Timberland and Smallholder Farmers Alliance Celebrate Haiti’s First Cotton Harvest in 30 Years
Last week, smallholder farmers convened in a field on the outskirts of Gonaives, Haiti to harvest cotton for the first time in 30 years. Once Haiti’s fourth largest export crop, cotton growing stopped in the 1980s due to policies and politics of the time. Now outdoor lifestyle brand Timberland, in partnership with the Smallholders Farmers Alliance (SFA) and other companies, aims to bring cotton back as phase two of its ongoing work to help reforest Haiti and benefit smallholder farmers.
From 2010-2015 Timberland and SFA teamed up to develop an agroforestry program in Haiti that ultimately planted more than 6 million trees and at the same time improved the socio-economic wellbeing of more than 3,000 farmers. The brand and SFA now aim to replicate that model, plant millions more trees, and bring cotton growing back to Haiti. The harvest of the first test crops puts Timberland one step closer to becoming not only a supporter of the SFA, but also a customer. Timberland has committed to purchase up to one-third of its global cotton supply from the SFA, once there is sufficient volume and subject to price and quality.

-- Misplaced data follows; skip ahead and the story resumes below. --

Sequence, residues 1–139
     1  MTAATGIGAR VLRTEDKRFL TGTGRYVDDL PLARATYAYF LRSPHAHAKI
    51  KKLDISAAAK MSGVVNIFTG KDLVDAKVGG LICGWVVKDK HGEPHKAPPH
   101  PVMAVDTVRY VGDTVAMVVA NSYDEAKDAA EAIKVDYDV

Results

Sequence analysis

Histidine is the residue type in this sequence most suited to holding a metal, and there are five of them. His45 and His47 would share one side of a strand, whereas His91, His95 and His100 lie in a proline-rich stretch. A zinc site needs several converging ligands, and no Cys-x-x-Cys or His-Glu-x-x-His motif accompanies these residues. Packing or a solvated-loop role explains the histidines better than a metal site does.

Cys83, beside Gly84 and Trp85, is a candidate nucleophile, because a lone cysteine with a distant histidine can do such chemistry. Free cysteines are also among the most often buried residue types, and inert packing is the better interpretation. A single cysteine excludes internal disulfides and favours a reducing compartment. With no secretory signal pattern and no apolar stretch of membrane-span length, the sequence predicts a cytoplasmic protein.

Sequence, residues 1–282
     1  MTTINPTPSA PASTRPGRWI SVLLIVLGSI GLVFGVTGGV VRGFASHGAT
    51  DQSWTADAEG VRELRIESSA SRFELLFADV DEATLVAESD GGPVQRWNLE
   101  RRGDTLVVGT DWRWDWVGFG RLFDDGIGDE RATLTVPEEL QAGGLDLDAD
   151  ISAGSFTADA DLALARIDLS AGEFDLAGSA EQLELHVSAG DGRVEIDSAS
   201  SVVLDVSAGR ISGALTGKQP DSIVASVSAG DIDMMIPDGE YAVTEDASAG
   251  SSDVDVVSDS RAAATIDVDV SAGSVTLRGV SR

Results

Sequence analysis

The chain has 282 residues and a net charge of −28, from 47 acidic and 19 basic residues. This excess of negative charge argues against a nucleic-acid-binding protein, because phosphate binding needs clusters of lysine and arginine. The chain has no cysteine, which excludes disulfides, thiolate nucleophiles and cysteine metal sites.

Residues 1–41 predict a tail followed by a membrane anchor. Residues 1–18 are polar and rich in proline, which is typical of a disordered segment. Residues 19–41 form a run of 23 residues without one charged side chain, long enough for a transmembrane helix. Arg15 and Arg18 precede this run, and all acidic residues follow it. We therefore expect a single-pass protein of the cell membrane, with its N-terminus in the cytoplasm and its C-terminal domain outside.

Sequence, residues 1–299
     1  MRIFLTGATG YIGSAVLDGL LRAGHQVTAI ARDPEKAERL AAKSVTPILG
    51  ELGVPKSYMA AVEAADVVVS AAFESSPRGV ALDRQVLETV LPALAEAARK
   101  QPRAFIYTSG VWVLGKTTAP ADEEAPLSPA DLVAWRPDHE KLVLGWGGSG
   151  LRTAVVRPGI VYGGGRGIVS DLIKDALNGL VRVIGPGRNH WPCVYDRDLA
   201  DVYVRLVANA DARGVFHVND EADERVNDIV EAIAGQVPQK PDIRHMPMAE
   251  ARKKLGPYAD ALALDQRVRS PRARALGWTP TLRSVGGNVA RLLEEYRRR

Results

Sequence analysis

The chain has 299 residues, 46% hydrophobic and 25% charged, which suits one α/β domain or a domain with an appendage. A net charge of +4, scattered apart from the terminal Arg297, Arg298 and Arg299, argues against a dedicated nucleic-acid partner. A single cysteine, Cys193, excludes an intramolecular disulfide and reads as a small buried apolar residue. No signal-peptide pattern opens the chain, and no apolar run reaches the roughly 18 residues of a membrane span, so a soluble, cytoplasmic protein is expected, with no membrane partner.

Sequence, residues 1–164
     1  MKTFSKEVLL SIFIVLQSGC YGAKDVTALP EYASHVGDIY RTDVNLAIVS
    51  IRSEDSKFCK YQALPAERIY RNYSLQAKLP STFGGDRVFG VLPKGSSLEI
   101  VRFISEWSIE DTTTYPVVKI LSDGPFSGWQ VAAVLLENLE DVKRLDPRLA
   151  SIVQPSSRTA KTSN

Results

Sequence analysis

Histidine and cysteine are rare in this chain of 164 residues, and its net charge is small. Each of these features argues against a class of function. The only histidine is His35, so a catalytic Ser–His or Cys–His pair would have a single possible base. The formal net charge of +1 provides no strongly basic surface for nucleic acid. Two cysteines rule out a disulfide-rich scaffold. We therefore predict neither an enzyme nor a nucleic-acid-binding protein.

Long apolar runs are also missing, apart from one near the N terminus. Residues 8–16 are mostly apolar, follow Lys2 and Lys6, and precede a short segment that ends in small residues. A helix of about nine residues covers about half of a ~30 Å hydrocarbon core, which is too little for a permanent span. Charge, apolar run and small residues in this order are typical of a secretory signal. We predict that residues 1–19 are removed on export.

“This is a great day for Haiti,” smallholder farmer Nerlande Dautarn said as she harvested the first cotton from the test fields. “My parents and grandparents grew cotton not far from here and now I can tell my children cotton is back after a long time away.”
Once the results of the test crops are analyzed, the SFA plans to plant the most successful varieties in larger quantities in August.
For more information on the reintroduction of cotton to Haiti visit www.smallholderfarmersalliance.org.